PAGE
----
Cranial nerve abnormalities

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Eye movements by extra-ocular muscles and cranial nerve innervation
(A) Schematic diagram of the motor innervation of the facial nerve. (B) Schematic diagram of the parasympathetic innervation of the facial nerve.

Cranial nerves

Tongue deviation from unilateral hypoglossal nerve injury (CN XII).
  • CN I (Olfactory)
    • Anosmia + perceived change in taste of food
    • Deficit caused by shearing of the nerve ending passing through the cribriform plate usually by closed head trauma
  • CN II (Optic)
    • Monocular and binocular visual field defects
    • Monocular: Giant cell arteritis, anterior ischemic optic neuropathy, glaucoma, optic neuritis, trauma, increased ICP, emboli/arteritis/stenosis leading to retinal ischemia, ophthalmic artery or vein occlusion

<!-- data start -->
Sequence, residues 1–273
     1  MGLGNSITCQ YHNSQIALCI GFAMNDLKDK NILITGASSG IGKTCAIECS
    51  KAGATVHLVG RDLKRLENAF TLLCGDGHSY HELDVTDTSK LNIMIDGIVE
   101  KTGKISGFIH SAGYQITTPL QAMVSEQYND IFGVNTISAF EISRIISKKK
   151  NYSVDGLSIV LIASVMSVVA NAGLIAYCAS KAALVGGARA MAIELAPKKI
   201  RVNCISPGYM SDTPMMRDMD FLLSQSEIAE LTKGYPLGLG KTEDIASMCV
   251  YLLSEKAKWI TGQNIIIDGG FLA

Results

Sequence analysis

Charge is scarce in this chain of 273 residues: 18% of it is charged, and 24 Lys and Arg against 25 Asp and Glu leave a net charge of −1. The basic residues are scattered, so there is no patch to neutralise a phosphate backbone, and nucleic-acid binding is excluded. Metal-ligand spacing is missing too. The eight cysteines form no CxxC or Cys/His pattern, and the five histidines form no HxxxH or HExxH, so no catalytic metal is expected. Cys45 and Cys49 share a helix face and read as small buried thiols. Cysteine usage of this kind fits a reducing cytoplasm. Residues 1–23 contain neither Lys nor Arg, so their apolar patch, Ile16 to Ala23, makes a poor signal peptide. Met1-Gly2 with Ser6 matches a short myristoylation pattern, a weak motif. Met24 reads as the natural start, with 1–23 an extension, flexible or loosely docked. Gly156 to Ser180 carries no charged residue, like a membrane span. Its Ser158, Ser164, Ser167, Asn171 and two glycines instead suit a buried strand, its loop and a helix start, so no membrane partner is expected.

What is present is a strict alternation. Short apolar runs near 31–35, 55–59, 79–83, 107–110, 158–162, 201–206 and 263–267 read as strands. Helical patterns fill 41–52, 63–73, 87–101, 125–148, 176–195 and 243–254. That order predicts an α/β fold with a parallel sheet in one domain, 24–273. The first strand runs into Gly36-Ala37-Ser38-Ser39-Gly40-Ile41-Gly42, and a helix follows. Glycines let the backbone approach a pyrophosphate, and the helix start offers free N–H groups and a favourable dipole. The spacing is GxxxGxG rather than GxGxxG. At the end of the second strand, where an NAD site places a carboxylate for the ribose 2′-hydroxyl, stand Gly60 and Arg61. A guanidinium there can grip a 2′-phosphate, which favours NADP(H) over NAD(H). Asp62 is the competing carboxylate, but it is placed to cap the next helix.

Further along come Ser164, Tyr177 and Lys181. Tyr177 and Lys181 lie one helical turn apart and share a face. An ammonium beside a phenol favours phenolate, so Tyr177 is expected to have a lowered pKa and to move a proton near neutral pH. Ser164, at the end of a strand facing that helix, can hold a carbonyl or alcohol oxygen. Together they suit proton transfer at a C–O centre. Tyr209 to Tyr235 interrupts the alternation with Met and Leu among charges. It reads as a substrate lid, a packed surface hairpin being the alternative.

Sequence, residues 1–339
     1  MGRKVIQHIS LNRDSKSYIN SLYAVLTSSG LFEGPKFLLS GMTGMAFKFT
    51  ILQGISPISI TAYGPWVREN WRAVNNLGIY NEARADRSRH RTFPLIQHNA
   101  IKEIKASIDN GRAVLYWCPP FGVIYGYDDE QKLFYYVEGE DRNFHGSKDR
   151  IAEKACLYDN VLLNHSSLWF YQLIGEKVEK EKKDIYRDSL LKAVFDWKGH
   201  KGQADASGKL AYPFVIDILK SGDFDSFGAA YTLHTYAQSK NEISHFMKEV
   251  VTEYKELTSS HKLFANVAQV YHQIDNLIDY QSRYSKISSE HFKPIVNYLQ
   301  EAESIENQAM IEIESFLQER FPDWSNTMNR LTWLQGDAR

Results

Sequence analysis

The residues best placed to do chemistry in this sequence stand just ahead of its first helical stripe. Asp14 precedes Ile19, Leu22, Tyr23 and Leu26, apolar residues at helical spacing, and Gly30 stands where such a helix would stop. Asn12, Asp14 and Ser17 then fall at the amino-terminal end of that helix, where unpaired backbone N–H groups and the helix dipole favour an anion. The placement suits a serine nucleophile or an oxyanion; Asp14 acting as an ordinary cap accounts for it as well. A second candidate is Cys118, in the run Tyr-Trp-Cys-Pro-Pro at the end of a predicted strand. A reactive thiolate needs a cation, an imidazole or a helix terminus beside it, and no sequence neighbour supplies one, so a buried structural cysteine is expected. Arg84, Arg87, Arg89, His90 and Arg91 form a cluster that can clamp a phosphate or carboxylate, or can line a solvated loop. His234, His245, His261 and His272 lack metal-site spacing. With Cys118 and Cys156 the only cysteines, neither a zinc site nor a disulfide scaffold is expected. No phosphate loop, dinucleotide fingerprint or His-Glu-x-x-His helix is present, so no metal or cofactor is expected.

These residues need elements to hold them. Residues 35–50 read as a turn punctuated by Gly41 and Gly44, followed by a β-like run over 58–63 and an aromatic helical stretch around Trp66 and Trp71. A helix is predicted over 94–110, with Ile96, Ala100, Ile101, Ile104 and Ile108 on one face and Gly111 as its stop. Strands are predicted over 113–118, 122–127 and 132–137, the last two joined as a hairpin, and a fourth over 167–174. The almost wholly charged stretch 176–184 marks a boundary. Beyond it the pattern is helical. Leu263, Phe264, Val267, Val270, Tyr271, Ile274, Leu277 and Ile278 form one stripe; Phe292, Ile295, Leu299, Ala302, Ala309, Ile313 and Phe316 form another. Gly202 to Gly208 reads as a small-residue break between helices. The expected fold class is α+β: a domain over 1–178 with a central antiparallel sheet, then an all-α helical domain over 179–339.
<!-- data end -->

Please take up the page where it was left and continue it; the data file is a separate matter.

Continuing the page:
• Binocular - Hemianopsia due to bilateral optic nerve disease.
  • CN III (Oculomotor) –See Third Nerve Palsy
  • CN IV (Trochlear)- See Trochlear nerve palsy
  • CN VI (Abducens)- See Abducens nerve palsy
  • Internuclear ophthalmoplegia - Lesion in medial longitudinal fasciculus, cannot adduct in horizontal lateral gaze, but normal convergence. Caused by multiple sclerosis or stroke
  • CN V (Trigeminal)
    • Jaw weakness and spasm. Jaw closure may be weak and/or asymmetric. +/- Trismus if irritative lesion to motor root.
    • See trigeminal neuralgia
  • CN VII (Facial)
  • CN VIII (Vestibular)
  • CN IX (Glossopharyngeal)
  • CN X (Vagus)
    • Dysfunction may be characterized by: hoarseness (unilateral vocal cord paralysis), dyspnea and inspiratory stridor (bilateral). Dysarthria, dysphagia.
  • CN XI (Accessory)
    • Dysfunction may be characterized by: Sternocleidomastoid and trapezius weakness leads to weak head rotation and shoulder shrug
  • CN XII (Hypoglossal)
    • Dysfunction may be characterized by: tongue deviation and wasting

See Also